yinyang class

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yinyang class

Post by tricia »

Hi Bernie,
I recall reading somewhere that when sequencing a class which intermingles yin and yang postures, we should practice about 15 minutes of yin then move to some yang postures then back to yin and so on. Does this sound correct? I am planning a yinyang class and would appreciate any feedback. I know generally yin postures come first but here I am mixing things up a bit.
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Yin Yang Fusion

Post by Bernie »

Hi Tricia ... thanks for asking the question on the forum. Perhaps others can share their experiences on how they have fused both yin and yang elements in their classes.

As always, it depends upon your intentions. I have often lead fusion classes. If my intention is to do some deep physical work, I will start with Yin first, while the muscles are still relatively cool. [See this section of YinSights for an explanation of why we do it that way: http://www.yinyoga.com/ys2_1.1_when_to_practice.php and then read this page for the difference between doing yin when warm or cold: http://www.yinyoga.com/ys2_1.1.1_cold-warm_muscles.php]

However, if my intention is to have a mental/mindfulness class where the priority is to really focus the mind, I may start with yang flows first and end with yin. I do this especially if the class is a later-in-the-day class. It is nice to end the evening with a yin-state of mind. Here in Vancouver, on Thursday nights, we have a "double-dip" schedule where I lead a Power/Vinyasa class from 5:45 to 7:00pm and then this is followed with a Yin Yoga class at 7:15pm for 75 minutes. Many students stay for both classes, and so end their day with the mellow Yin feeling.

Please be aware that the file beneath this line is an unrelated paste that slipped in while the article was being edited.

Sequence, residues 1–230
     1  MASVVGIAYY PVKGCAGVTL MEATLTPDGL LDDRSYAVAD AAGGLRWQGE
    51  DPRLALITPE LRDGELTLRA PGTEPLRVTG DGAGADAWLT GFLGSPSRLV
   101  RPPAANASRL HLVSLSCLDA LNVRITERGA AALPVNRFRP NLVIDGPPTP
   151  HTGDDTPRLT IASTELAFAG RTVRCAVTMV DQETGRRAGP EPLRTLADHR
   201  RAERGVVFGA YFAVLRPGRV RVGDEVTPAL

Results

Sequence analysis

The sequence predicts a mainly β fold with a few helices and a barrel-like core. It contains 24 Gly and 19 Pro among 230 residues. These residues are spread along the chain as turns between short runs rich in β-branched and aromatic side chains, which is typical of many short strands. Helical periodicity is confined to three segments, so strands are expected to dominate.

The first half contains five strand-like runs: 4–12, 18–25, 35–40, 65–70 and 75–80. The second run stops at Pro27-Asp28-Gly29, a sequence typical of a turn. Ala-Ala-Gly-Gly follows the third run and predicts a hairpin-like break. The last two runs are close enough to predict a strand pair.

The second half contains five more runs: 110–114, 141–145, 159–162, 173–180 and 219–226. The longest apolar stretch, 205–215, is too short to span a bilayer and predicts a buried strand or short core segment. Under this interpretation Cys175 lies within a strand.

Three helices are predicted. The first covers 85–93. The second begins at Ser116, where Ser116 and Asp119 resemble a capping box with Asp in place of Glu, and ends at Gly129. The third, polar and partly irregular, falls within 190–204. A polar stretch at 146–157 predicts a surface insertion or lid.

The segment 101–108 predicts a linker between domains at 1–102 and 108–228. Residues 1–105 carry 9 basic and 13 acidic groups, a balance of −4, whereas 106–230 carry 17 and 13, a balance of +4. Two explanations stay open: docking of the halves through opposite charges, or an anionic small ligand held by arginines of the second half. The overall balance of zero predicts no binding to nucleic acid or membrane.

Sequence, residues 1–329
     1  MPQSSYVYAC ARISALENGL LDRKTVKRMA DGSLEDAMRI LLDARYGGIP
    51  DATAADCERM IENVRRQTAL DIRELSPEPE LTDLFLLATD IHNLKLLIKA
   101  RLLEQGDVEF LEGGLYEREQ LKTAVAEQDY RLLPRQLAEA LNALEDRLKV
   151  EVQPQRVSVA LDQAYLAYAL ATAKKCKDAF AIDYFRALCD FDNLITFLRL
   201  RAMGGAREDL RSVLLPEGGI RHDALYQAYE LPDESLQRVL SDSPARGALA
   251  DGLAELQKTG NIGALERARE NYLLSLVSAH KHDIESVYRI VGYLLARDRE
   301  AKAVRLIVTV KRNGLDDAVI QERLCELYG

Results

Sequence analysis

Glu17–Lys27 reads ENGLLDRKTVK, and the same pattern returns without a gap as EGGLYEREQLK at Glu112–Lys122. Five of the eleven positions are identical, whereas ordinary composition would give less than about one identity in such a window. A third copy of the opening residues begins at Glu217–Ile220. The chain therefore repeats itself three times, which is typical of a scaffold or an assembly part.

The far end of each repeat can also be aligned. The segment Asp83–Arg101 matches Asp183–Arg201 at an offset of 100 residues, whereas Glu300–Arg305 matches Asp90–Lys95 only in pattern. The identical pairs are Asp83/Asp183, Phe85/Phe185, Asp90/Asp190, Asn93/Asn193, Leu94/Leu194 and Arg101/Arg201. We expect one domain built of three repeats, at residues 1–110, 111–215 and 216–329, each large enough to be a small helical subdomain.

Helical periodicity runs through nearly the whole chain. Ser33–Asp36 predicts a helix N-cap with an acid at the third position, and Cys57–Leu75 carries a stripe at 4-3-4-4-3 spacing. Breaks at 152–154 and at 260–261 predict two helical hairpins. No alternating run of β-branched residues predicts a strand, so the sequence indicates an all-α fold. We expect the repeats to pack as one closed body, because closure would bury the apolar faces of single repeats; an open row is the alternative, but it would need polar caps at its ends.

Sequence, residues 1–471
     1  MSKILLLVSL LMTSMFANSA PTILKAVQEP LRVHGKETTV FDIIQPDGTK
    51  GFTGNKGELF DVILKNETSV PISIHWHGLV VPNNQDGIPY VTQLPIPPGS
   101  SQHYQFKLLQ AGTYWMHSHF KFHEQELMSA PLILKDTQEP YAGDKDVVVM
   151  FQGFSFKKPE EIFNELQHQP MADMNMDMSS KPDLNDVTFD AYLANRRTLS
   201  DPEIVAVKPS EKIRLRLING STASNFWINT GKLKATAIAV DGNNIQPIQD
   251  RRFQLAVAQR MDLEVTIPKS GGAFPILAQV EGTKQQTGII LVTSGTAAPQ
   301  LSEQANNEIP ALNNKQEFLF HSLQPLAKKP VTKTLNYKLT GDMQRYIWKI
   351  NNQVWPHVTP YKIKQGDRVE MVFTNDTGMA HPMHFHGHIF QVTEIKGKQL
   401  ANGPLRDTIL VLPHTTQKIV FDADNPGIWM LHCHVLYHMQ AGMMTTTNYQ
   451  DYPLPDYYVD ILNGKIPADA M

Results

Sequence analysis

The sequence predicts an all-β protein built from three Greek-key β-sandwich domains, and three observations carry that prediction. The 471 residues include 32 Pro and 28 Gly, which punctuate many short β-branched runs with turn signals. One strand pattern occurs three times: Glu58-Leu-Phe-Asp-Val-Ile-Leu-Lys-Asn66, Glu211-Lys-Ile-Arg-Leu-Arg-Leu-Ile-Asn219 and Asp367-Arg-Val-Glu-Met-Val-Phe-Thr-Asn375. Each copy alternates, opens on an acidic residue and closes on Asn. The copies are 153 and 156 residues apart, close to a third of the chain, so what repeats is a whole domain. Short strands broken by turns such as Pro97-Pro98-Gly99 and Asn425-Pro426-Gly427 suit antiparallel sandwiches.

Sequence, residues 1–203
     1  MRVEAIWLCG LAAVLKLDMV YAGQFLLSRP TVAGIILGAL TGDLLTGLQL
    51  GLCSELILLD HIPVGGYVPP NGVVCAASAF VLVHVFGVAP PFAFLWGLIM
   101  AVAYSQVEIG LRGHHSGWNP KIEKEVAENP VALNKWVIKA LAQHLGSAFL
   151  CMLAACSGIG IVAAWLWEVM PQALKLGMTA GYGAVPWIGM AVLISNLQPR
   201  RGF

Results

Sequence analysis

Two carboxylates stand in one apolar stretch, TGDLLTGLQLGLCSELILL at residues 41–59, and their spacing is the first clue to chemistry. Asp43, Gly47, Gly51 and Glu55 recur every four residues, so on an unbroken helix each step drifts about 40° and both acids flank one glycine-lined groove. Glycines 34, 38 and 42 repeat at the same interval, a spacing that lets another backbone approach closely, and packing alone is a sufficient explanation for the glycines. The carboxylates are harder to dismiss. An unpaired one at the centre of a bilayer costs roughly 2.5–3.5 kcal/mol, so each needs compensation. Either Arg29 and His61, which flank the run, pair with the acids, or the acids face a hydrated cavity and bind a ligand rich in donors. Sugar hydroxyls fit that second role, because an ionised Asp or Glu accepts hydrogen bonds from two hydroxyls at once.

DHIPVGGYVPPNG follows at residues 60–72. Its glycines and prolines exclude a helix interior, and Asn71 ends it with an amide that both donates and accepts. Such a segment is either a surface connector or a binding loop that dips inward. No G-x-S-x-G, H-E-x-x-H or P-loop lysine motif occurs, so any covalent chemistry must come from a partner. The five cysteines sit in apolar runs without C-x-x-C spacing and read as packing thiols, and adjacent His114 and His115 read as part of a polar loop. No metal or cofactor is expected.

Sometimes, I will ping-pong between yin and yang offerings in one class. Here I would generally start with the yin poses for maybe 10 mins, then move into yang, then end with yin before final meditation or shavasana. If you are going to weave together yin and yang elements, make sure each section of the class has at least 10 mins of time, so that you aren't bouncing back and forth between the two modalities.

Jessica Powers
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yinyang sequencing

Post by Jessica Powers »

I'm with Bernie - the time of day the class is taught can make a big difference. I used to teach regular morning Yin/Yang classes and what most of my students found useful was half an hour of Yin followed by 45 minutes Yang and a closing 15 minutes of savasana and meditation. Often they would take a symmetrical pose again for the final relaxation posture, not just corpse pose. When students of my evening classes requested Yin I added it after the Yang portion of class to quiet them and prepare them for the ultimate restorative practice of sleep. Have fun experimenting and working to find what is best for the students you have!
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